Assassin's Creed: Brotherhood [PS3]

Assassin’s Creed: Brotherhood picks up at the exact moment Assassin’s Creed II leaves off, and if you were there alongside Ezio in the revelatory final moments, that alone tells you almost everything you need to know about it. Brotherhood‘s single player campaign is, largely, more of the same.

That’s not necessarily a negative criticism; just an observation. Nobody expects a shooter to break new ground, and just because Assassin’s Creed is the only series in the stealth-sword-fights-stabbing-horse-riding-whacked-out-sci-fi genre doesn’t mean it has to reinvent itself every iteration, either. If you like the Assassin’s Creed formula, despite its little flaws, you are going to like Brotherhood. It does it, big and bold and beautiful.

The core quest line is surprisingly long, and the large number of optional side quests benefit from the same loving treatment of narrative and gameplay variation as the last entry. There’s no scrimping here, and Brotherhood is most definitely a new chapter rather than, as some feared, an expansion.

As usual, the extra-Animus sections in which one explores the world of near-future protagonist Desmond hold far more intrigue and plot twists than the Renaissance shenanigans. The slow drip of information from Ubisoft‘s secret canon is driving accusations of Lost Syndrome, although viewing the series as a whole, a definite feeling of forward motion and consistency is obvious – especially to those who explore thoroughly. Subject 16’s puzzles make a return and prove as mind-bendingly frustrating as their completion is satisfying.

New additions include the ability to recruit and train a small army of assassins right up to chopping off their finger and pushing them off roofs. These quickly become one of the most powerful tools in your arsenal, equipped with many of the same moves and tools as Ezio himself, and never suffering any of the control issues an excited gamer will. Just one is enough to take out or thoroughly distract a garrison of guards, and if you’re in a hurry, with an airy wave of his hand Ezio can call down a hail of arrows to get the job done quicker. Using the guild carefully and thoughtfully lends a whole new line of tactics to longer missions where stealth or health are considerations.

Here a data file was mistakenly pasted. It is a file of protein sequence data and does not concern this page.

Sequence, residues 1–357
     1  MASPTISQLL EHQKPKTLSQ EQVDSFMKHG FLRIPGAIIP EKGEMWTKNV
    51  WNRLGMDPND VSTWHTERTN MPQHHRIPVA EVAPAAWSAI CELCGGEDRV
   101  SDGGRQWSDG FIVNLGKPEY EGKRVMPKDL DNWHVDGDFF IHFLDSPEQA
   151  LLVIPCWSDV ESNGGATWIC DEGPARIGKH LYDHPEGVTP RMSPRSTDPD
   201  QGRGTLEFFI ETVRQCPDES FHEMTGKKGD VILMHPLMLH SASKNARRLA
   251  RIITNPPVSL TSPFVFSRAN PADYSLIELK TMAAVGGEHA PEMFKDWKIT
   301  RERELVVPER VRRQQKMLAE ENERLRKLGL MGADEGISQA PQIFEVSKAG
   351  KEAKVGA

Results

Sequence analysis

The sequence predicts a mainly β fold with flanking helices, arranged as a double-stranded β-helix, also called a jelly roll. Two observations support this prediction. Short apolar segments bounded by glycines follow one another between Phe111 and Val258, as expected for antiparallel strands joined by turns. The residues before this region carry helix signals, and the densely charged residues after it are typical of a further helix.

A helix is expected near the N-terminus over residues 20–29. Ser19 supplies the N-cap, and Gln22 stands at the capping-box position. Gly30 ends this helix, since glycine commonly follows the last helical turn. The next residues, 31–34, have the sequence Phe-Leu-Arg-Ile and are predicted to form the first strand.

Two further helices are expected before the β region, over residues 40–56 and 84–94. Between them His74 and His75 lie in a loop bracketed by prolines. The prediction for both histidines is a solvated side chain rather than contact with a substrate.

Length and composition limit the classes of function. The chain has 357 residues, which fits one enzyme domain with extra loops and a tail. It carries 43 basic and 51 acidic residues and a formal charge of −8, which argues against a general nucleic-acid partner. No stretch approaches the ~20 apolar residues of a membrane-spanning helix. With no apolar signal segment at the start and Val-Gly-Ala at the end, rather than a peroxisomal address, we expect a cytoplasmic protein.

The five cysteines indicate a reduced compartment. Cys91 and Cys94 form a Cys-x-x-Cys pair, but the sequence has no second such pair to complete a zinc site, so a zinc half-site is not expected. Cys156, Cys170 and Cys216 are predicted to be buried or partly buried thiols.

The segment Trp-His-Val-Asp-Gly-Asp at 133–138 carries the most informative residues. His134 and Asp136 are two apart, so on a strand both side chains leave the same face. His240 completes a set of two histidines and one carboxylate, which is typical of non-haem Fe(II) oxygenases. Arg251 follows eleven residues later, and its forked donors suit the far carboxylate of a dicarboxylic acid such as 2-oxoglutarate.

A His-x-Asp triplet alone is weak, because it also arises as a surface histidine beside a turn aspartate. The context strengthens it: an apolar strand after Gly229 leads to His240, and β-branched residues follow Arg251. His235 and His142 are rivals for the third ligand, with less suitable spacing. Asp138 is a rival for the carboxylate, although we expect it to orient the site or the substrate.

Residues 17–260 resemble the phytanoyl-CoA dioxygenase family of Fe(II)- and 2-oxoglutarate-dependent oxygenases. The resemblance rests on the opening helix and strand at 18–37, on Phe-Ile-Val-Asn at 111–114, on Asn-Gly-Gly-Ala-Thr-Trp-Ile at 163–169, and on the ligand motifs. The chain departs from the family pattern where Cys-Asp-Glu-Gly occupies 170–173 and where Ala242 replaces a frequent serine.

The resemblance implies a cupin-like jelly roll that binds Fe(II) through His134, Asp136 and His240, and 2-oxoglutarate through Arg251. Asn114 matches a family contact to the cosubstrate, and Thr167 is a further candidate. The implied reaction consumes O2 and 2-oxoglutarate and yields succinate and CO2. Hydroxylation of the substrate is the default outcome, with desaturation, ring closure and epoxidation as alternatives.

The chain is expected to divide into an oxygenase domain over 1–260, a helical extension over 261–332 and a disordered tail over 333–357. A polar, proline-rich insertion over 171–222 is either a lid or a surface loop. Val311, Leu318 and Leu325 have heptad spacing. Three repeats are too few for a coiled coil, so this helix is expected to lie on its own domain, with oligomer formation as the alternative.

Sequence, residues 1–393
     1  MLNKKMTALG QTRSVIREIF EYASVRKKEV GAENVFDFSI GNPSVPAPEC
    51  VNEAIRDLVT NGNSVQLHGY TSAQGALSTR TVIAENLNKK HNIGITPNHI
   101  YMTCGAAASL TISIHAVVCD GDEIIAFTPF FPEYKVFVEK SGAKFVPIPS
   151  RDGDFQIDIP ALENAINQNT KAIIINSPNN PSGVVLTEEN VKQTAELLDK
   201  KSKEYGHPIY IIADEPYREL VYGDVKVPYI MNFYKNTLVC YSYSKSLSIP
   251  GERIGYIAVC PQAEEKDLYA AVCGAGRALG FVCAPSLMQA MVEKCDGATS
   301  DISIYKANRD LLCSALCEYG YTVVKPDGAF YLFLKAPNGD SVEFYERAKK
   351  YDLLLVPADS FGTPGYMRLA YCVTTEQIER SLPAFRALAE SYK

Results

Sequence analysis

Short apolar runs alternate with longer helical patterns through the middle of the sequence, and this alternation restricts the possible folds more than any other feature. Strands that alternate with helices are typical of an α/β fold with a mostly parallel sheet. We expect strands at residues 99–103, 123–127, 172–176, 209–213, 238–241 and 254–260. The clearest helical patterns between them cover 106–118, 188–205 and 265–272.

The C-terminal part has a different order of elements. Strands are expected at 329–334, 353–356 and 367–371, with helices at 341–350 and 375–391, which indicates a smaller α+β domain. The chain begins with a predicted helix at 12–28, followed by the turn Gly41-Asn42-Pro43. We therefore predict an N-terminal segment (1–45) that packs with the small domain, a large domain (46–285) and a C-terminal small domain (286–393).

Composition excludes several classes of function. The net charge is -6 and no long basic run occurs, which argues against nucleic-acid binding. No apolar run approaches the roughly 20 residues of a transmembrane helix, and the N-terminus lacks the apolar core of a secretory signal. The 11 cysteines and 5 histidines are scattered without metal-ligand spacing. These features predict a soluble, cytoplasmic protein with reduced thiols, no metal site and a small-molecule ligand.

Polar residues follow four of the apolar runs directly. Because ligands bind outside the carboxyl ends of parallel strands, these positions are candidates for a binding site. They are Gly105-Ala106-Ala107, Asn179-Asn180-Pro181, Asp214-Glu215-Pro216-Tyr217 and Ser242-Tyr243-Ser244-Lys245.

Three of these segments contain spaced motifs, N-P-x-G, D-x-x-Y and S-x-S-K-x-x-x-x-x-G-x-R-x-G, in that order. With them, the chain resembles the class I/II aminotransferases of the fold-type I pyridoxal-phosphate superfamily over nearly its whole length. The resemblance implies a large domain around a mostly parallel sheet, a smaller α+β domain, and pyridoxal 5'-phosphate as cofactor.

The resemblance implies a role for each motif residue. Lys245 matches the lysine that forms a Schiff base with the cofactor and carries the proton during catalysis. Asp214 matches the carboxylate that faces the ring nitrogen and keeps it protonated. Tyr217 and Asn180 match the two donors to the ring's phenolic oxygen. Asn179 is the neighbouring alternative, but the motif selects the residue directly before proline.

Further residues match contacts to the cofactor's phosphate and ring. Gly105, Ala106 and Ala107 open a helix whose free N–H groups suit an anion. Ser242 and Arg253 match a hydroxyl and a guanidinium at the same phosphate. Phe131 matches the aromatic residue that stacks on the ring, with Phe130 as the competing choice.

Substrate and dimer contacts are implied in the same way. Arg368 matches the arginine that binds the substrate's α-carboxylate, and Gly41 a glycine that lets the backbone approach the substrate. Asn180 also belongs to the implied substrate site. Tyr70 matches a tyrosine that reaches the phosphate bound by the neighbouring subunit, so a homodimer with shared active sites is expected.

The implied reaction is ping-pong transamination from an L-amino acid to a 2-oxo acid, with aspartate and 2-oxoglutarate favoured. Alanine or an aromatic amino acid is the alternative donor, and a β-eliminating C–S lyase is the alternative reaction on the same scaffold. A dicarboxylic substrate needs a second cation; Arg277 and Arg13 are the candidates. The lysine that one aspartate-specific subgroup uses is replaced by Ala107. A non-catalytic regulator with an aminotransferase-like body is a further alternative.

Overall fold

Integration with the rather charming Facebook game Project Legacy is a nice bonus, and Ubisoft’s UPlay service makes a return, ensuring completionists make at least one social network connection, but neither feels forced or marketing-driven from the user end.

There are detracting factors, of course; Ezio is still the same rather shallow and ineffectual protagonist, apparently incapable of plotting his way out of a damp tissue without one of the many far more interesting NPCs to hold his hand. The economy is easily broken with minimum effort (although this thankfully reduces any need for micro-management when you just want to get on with the stabbing). A small number of bugs and glitches occasionally rear their nefarious heads.